The objective will study the various ways used by the hospital in recognizing employees’ good work and skills. It will further examine the various instruments of offering feedback to employee concerns, complaints, and recommendations. This will help understand and create a working and effective recognition and feedback sys

1.4 Report Structure and Route Map

The study begins with the review of literature that involves a survey of scholarly sources related to the research objectives. Secondly, it follows the research methods used in data collection where data from the staff is collected and recorded for analysis. The analysis part will include data cleaning and categorization to create meaningful and easy analysis. The third part will interpret findings and provide answers to the research questions and objectives. Then the final part is the drawing of conclusions and offering recommendations to the research objectives. It will answer the study questions and objectives while supporting the main purpose of the research. The study’s findings are addressed and aligned with the literature review, and the ethical issues experienced during the study are highlighted. Elite Management Consultant will make recommendations to Hong Kong Bright Hospital. Further, the section provides comments for future research and study areas.

 

2. Literature Review

2.1 Working Hours and Shifts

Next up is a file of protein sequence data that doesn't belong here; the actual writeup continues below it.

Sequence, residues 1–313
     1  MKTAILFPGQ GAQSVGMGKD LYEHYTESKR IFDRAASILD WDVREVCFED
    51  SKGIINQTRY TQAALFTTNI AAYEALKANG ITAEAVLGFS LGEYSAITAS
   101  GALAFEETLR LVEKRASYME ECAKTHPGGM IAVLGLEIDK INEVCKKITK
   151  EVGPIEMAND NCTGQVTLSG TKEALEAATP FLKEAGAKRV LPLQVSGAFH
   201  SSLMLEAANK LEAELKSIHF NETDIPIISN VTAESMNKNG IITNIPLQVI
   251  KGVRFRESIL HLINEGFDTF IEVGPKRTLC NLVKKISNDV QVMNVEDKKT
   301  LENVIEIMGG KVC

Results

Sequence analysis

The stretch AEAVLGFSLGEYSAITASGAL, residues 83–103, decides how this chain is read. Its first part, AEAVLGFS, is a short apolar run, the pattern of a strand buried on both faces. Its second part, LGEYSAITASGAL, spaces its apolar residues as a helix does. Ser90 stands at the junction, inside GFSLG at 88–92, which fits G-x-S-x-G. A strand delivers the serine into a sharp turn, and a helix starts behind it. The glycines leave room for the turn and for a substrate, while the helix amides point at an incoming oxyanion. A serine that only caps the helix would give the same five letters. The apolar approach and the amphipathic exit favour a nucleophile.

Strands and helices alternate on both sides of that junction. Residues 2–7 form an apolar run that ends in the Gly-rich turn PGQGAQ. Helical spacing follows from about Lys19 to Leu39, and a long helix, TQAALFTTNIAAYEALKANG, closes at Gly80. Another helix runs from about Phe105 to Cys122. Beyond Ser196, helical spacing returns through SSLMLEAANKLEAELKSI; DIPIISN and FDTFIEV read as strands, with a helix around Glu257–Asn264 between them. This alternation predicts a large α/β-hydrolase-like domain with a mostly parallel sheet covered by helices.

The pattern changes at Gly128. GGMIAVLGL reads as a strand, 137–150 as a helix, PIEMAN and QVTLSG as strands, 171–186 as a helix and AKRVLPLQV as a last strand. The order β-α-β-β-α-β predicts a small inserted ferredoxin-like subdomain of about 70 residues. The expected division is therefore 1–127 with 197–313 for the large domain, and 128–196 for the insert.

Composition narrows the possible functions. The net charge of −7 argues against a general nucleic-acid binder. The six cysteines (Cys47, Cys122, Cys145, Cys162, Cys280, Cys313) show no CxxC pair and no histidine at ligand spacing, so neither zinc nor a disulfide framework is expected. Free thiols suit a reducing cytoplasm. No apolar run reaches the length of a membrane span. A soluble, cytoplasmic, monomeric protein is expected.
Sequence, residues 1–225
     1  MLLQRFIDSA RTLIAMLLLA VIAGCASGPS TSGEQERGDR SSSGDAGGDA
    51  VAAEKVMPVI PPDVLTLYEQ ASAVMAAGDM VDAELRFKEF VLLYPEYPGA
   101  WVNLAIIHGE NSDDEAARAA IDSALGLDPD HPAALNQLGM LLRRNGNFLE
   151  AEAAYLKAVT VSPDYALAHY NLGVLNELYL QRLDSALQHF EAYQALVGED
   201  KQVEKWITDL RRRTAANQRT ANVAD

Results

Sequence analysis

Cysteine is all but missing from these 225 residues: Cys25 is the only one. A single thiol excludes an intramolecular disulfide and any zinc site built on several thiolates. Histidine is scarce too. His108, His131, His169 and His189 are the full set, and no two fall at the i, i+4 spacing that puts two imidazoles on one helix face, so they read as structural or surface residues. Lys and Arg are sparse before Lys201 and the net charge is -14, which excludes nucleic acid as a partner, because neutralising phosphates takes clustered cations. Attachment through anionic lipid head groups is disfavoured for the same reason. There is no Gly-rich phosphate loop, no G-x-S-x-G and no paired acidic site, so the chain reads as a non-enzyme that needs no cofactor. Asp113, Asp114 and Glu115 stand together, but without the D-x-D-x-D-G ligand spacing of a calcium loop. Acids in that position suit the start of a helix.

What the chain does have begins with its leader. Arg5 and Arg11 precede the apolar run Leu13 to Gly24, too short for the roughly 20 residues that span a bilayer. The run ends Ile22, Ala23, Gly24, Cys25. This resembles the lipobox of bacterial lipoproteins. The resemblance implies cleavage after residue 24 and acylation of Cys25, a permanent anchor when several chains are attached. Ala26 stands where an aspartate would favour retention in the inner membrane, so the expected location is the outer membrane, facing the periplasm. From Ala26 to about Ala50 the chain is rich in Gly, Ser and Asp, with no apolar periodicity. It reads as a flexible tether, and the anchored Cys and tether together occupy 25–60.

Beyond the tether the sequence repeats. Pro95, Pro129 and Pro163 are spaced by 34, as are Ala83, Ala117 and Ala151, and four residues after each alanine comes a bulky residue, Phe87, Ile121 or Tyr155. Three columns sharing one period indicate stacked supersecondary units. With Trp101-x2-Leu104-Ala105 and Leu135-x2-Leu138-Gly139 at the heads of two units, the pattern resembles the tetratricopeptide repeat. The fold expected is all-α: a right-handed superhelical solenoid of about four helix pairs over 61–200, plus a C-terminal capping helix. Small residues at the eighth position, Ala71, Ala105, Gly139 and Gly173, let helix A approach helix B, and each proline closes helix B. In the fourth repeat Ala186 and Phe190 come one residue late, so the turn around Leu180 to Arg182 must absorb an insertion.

Staff turnover is the percentage of employees that leave a business and need to be replaced over a certain period (Grace et al. 2019, p.38). Individuals join and leave companies due to many reasons, and it’s a typical scenario. The reasons for leaving are numerous, and some unavoidable. But when employees leave due to unhappiness at the workplace, the company’s management needs to reconsider many aspects of the relationship and working environment. According to Willard-Grace et al. (2019, p.38), burnout from long working hours and numerous shifts has led to turnover among medical staff. The finding from the study concluded that high rates of burnout and turnover are compelling problems for clinicians and primary caregivers. Although the authors acknowledge that there are other multifactorial reasons for medical employee turnover, burnout from long shifts is one of the most common causes. The burnouts deny the medical staff good rest time, social engagement, and other physical activities. Some aspects of life that some staff values. Further, in phases of economic pressure, asking employees to take up extra responsibilities without extra allowances and remunerations is another cause of staff turnover. Most may agree to take up extra hours, but they will feel frustrated and overworked when the job schedule interferes with their personal lives. Overworking employees contributes to high turnover rates since it creates fatigue and frustrations that affect the everyday lives of the staff (Grace et al. 2019, p.38).